Credit: This image of the entire setup in a Medical-Nikkor 200mm f/5.6 lens was contributed by a passionate contributor who does not want to be named. Image has been scaled and retouched slightly to fit this page. Image copyright © 2003, All rights reserved.

200mediclensoptic.gif
Technical Highlights: * Provides 11 set reproduction ratios ranging from 1/15X down to 3X life-size. * Easy to use-even by unskilled personnel. * Built-in ringlight flash for shadowless illumination. * Uses either AC or DC power packs. * Supplied with 6 screw-in auxiliary lenses, sync cord, power cord, and compartment case. * Photographic uses include close-ups and macrophotography in science, industry, and the medical professions.

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Specifications:

Focal length/Aperture: 200mm f/5.6
Lens construction: 4 elements in 4 groups in prime lens; 6 auxiliary lenses provide a total of 11 different reproduction ratios
Diaphragm: Automatically set by determining film speed and reproduction ratio; stops down to f/45
Reproduction ratios: 1/1 5X with prime lens; 1/8X, 1/6X, 1/4X, 1/3X, 1/2X, 2/3X, 1 X, 1. 5X, 2X, 3X when auxiliary lenses mounted singularly or in combination
Focusing distance: Fixed when reproduction ratio is determined; 4 pilot lamps incorporated for focusing accuracy
Illumination: Built-in xenon ring flash tube; output approx. 60W; flash duration approx. 1 /1000 sec. (full output)

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Identification number and reproduction ratio selector: Provided

Power source
: AC or DC unit; Dimensions of prime lens: 79mm dia. x 177mm long
Weight of prime lens: 700g
Note: Supplied with 6 auxiliary lenses, a 1.5m power source cord, a sync cord, front and rear lens caps, accessory shoe safety cover and four 2.5V spare bulbs and a leather compartment case

| Back | to earlier version of the Nikon Medical Nikkor 200mm f/5.6 auto 2/2 Versions: | Medical-Nikkor 120mm f/4.0 IF | Medical Nikkor 200mm f/5.6 | Relative: MF Micro-Nikkor lenses @ 105mm, 200mm and other Nikkor prime telephoto lenses at 200mm | Back | Medical-Nikkor 120mm f/4.0 IF | Back | to Index Page of Special Applications Nikkor lenses

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MF Zoom-Nikkor Lenses: 25~50mm | 28~45mm | 28~50mm | 28~85mm | 35~70mm | 36~72mm E | 35~85mm | 35~105mm | 35~135mm | 35~200mm | 43~86mm | 50~135mm | 50~300mm | 70~210mm E | 75~150mm E | 80~200mm | 85~250mm | 100~300mm | 180~600mm | 200~400mm | 200~600mm | 360~1200mm | 1200~1700mm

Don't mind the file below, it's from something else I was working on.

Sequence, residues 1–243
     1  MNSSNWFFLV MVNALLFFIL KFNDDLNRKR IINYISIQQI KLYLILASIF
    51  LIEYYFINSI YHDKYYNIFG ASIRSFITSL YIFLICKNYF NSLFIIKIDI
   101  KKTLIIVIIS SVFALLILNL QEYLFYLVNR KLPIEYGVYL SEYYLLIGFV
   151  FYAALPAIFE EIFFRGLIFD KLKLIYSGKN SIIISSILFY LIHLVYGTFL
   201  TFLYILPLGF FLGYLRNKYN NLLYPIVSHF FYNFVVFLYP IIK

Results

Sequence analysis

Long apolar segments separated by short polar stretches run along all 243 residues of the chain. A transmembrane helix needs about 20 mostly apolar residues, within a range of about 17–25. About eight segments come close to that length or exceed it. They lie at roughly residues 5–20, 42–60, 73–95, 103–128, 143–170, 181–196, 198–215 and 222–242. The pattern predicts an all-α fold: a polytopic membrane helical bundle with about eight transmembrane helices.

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Recommended links to understand more technical details related to the Nikkor F-mount and production Serial Number:
http://rick_oleson.tripod.com/index-153.html by: my friend, Rick Oleson
http://www.zi.ku.dk/personal/lhhansen/photo/fmount.htm by: Hansen, Lars Holst
http://www.mir.com.my/rb/photography/hardwares/nikonfmount/lens2.htm
http://www.photosynthesis.co.nz/nikon/serialno.html

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leofoo.Gif Co-developed with my web buddy, Rick Oleson® & LARs.Gif Denmark, Creator of the Nikon Repair Group Mailing-List; A contributing effort to Michael Liu's Classic Nikon SLRs and Nikkor optic site.

Credit: MCLau®, who has helped to rewrite some of the content appeared this site. Chuck Hester® who has been helping me all along with the development of all these Nikon websites; Lars Holst Hansen, 'Hawkeye' who shares the same passion I have; Ms Rissa, Sales manager from Nikon Corporation Malaysia for granting permission to use some of the official content; Ted Wengelaar, Holland who has helped to provide many useful input relating to older Nikkor lenses; Some of the references on production serial numbers used in this site were extracted from Roland Vink's website; Hiura Shinsaku from Nikomat Club Japan. Lastly, to all the good people who has contributed their own expeience, resources or kind enough granted permission to use their images of their respective optic in this site. It is also a site to remember a long lost friend on the Net. Note:certain content and images appeared in this site were either scanned from official marketing leaflets & brochures published by Nikon and/or contribution from surfers who claimed originality of their work for educational purposes. The creator of the site will not be responsible for may discrepancies arise from such dispute except rectifying them after verification. "Nikon", "Nikkormat", "Nippon Kokagu KK" & "Nikkor" are registered tradename of Nikon Corporation Inc., Japan. Site made with an Apple IMac.